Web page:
From San Francisco, Calif. to Orlando, Fla. our ABC affiliates have documented fatal traffic accidents attributed to aged tires and have gone undercover to discover aged tires being sold as new by retailers. Safety experts say that as tires age, they deteriorate from within, leading to a possible catastrophic tire tread separation.
As part of a joint investigation with "20/20," local ABC News reporters found tragic cases of motorists caught up in vehicle accidents attributed to aged tires.
In San Francisco, KGO-TV reporter Michael Finney detailed the case of Bobby Crane of Danville, Calif., who died when the right rear tire of his Ford Bronco blew out and the vehicle overturned on the highway. The tire was later found to be 14 years old. "It looked like it was in great condition. It had lots of tread," said Bobby's father Jack Crane. [Read KGO-TV's full report.]
In Orlando, Vanessa Welch of WFTV-TV reported on 20-year-old Nicalos Rowan who died after the tread separated from the tire on his SUV, causing the vehicle to flip over. The tire that failed was 11 years old. "It was brand new. It looked brand new when I put it on the truck," said Rowan's mother Linda. [Read WFTV-TV's full report.]
In San Diego, Calif., KGTV-TV's Lauren Reynolds reported on the case of U.S. border patrol agent David Webb, who was killed when a tire on his patrol car came apart, causing the vehicle to flip. The tire was discovered to be 9 years old, and Webb's family attributes the tire failure to its age. "He's a trained law enforcement driver. You'd think he'd be among the best of the best, and even he couldn't control the situation," said John Gomez, an attorney for the Webb family. [Read KGTV-TV's full report.]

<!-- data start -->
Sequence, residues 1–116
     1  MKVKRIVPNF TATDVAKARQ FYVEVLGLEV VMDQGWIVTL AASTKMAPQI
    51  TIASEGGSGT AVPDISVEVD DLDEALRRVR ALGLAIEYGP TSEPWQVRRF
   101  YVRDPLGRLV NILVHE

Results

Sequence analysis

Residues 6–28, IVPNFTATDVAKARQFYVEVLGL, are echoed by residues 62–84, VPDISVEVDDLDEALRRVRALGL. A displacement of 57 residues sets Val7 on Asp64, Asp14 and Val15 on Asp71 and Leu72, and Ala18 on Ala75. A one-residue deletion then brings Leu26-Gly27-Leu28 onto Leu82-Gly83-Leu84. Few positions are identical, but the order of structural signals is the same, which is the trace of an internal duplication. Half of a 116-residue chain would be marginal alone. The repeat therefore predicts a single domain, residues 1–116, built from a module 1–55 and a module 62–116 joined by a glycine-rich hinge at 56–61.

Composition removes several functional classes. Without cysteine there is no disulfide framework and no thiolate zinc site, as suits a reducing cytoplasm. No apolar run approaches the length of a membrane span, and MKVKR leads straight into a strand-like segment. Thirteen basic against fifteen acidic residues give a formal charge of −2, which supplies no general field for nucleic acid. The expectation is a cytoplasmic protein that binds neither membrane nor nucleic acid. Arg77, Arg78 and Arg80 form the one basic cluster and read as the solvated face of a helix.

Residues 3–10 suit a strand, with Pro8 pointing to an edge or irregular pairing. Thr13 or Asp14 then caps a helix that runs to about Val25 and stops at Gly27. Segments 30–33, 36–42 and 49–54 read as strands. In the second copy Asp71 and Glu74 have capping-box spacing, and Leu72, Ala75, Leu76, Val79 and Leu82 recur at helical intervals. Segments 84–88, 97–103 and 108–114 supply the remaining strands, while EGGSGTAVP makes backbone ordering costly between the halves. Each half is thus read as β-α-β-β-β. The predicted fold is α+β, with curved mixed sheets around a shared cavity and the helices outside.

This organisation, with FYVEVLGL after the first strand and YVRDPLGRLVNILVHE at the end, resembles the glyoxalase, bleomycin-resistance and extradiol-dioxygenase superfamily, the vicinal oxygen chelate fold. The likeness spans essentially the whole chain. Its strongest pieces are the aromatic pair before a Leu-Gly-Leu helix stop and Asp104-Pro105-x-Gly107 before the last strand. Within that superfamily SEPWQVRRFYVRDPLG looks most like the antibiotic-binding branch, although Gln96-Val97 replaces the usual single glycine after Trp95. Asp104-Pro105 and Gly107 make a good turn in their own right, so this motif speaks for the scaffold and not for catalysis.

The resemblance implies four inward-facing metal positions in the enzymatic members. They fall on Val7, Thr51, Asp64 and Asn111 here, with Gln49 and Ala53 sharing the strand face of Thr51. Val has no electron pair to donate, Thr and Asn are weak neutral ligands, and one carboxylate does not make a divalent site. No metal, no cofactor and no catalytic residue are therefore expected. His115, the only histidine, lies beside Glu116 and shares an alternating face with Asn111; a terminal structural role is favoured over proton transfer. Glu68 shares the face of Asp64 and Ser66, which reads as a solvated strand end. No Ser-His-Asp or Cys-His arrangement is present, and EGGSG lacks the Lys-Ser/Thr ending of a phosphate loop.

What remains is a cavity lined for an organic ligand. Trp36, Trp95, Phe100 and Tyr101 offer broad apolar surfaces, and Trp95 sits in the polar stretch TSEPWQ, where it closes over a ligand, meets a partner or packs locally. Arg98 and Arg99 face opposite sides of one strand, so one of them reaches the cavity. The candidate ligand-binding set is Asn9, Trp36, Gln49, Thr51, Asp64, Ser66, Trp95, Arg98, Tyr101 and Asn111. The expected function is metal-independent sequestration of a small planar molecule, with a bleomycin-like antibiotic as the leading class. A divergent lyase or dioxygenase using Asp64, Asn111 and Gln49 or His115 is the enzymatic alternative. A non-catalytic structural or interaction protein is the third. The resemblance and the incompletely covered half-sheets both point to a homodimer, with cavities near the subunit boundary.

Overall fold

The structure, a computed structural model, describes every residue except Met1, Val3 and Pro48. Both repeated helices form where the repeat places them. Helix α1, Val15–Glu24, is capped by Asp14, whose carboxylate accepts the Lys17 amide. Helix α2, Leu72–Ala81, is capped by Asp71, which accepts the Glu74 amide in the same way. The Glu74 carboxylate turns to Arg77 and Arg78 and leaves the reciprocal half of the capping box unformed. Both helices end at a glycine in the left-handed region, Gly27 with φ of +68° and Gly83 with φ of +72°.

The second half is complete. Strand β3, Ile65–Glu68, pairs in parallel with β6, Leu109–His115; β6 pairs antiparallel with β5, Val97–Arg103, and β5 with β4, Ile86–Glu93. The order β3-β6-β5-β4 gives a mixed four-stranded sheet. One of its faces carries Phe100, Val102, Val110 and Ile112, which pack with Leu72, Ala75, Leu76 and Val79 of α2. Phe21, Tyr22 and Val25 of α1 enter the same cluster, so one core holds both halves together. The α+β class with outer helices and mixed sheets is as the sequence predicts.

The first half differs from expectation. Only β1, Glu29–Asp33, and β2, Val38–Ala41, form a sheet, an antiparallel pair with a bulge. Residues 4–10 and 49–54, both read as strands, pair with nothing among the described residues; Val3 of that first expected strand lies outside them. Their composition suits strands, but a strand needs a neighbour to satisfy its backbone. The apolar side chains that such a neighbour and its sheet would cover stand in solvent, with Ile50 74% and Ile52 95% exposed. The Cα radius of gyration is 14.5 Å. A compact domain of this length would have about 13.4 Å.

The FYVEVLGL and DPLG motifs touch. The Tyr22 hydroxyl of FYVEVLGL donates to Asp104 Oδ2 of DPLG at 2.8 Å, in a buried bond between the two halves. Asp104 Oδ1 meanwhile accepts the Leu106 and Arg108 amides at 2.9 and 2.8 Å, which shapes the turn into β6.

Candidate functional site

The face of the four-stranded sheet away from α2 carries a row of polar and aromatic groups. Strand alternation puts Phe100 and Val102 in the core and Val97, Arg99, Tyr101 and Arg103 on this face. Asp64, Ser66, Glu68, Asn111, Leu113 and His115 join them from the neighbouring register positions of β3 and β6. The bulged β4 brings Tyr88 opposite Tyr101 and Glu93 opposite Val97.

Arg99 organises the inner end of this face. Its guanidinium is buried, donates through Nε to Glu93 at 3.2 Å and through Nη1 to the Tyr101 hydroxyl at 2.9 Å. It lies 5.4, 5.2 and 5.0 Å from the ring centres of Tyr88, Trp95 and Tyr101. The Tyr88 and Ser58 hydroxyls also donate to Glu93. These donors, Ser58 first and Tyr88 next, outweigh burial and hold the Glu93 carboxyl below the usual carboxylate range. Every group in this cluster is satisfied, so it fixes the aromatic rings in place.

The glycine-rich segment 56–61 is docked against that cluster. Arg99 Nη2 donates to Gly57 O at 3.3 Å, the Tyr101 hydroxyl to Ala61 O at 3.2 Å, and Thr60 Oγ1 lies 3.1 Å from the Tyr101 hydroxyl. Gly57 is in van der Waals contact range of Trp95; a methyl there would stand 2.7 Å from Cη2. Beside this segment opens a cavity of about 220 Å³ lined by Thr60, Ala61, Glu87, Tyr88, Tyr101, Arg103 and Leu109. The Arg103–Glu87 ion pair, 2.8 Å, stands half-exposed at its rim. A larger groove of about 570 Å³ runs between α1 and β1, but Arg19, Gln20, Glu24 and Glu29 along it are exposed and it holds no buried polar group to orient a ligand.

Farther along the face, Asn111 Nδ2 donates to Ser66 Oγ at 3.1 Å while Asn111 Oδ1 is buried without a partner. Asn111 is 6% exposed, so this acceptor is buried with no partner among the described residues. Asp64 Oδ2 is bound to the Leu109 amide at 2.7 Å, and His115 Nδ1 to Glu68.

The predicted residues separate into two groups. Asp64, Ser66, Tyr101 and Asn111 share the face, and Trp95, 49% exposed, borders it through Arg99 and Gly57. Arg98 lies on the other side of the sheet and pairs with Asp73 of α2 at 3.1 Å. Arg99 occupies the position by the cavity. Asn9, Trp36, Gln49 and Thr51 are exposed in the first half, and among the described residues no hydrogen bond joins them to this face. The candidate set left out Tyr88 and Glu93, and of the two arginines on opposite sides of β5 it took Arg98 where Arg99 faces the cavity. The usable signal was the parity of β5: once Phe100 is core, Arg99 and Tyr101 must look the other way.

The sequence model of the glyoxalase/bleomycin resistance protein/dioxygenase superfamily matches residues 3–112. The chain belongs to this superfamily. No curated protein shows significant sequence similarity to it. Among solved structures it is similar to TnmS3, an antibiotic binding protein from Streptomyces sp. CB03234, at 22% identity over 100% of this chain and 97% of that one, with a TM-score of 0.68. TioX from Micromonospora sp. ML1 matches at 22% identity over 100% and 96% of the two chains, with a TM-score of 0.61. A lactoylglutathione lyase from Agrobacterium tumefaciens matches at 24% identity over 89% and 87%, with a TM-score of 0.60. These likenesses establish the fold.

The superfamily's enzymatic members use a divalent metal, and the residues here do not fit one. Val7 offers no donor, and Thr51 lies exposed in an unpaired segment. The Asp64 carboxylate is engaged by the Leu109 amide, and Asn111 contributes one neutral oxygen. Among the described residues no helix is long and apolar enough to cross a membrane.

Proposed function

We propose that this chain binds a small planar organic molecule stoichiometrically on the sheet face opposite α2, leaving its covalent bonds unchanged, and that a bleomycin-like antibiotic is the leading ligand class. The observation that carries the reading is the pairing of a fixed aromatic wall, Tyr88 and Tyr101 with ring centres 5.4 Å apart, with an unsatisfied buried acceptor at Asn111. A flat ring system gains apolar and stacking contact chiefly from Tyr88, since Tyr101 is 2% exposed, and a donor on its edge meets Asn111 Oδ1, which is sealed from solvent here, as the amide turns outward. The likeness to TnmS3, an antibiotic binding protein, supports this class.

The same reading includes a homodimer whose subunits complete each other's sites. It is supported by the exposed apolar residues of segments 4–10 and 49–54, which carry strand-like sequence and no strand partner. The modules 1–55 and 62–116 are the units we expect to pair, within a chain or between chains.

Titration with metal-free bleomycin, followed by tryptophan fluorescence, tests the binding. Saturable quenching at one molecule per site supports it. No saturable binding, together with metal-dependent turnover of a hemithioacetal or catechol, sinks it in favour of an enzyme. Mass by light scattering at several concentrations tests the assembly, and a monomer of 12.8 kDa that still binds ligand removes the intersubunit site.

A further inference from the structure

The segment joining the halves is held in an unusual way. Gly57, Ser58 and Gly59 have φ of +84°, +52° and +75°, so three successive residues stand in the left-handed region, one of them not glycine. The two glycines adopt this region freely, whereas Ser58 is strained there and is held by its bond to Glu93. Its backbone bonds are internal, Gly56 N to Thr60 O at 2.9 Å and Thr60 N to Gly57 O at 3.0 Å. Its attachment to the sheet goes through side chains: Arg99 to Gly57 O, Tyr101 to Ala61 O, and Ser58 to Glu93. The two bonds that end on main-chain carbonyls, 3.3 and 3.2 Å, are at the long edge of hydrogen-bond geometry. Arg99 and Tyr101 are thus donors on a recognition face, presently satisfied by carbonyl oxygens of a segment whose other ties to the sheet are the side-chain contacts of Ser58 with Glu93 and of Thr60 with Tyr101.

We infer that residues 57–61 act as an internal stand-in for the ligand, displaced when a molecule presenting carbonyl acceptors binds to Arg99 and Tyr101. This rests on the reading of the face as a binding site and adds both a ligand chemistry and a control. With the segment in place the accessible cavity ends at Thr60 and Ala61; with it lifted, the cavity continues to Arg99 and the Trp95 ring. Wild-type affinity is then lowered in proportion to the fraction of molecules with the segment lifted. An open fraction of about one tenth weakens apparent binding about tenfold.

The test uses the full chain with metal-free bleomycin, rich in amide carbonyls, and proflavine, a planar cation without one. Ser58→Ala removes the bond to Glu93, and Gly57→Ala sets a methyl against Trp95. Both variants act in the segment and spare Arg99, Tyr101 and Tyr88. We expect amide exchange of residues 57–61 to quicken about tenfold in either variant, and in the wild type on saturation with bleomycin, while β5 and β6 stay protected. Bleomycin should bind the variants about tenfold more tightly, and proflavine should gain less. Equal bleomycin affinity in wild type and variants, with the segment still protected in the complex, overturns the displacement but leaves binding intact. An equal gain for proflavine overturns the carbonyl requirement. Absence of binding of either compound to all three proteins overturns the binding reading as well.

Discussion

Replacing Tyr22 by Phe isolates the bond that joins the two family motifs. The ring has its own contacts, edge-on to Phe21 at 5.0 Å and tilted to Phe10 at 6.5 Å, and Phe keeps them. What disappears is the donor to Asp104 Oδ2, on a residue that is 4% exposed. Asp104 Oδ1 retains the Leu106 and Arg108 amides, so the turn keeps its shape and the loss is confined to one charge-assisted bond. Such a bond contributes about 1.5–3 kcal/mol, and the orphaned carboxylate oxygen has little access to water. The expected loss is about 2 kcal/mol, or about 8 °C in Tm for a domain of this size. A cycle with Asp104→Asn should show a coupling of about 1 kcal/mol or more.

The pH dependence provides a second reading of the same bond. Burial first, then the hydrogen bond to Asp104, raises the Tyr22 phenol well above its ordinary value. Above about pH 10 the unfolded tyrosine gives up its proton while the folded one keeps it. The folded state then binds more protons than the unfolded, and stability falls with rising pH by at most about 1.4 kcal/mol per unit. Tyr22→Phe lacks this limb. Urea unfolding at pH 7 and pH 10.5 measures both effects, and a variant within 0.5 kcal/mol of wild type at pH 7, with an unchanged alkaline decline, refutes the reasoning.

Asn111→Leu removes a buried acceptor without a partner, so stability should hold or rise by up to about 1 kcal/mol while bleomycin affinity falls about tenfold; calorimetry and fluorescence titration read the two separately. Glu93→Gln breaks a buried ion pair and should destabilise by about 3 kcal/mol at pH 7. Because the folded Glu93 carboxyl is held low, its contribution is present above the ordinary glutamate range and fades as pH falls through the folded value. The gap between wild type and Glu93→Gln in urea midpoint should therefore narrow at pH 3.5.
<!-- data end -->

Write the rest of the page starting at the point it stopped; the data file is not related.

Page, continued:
Local reporters also were able to find aged tires sold as new by some of the country's largest tire retailers. KGO found a tire made in 1999 and two from 2002 being sold as new by Goodyear, the seventh largest tire retailer in the U.S. In Indianapolis, Ind., affiliate WRTV-TV found a tire made in 2001 and one from 1999 sold at Wal-Mart, the country's third largest tire seller. WFTV-TV also found two aged tires dating back to 1999 and 2000 for sale at a Wal-Mart store.
Although safety groups and many car companies have recommended a six-year age limit on tires, Goodyear and Wal-Mart say there is no scientific evidence that supports a defined shelf life for a tire, a position shared by the tire manufacturing industry trade group. The companies also say that age is not the key factor in tire safety, and that consumers should pay attention to other maintenance issues.
More ABC News affiliate reports on aged tires: